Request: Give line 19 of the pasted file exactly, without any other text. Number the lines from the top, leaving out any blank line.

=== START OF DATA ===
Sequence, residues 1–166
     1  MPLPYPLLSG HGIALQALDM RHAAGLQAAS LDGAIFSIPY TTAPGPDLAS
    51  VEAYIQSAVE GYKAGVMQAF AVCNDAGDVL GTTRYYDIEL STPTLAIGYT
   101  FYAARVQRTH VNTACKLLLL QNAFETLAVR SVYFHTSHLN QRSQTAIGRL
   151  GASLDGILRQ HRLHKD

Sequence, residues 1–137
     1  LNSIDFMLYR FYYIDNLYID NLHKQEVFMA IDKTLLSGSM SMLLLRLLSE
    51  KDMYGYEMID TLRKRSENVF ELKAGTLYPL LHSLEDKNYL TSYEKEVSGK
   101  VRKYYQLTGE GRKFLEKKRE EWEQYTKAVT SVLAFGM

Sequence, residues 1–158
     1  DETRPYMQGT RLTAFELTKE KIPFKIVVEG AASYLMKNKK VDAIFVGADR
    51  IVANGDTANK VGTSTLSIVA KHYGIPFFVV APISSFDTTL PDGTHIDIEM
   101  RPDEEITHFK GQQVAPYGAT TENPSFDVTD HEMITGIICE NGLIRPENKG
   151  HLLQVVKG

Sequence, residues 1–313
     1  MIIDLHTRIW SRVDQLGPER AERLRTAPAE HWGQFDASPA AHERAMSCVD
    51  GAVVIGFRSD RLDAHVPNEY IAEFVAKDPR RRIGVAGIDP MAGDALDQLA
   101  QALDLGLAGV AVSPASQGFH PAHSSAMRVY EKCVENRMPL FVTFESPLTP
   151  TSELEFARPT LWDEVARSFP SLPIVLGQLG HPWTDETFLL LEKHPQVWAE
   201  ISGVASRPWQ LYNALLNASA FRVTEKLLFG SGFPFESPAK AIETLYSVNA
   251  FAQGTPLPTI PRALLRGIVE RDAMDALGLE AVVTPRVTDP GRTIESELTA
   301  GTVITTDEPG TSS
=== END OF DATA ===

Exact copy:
   151  TSELEFARPT LWDEVARSFP SLPIVLGQLG HPWTDETFLL LEKHPQVWAE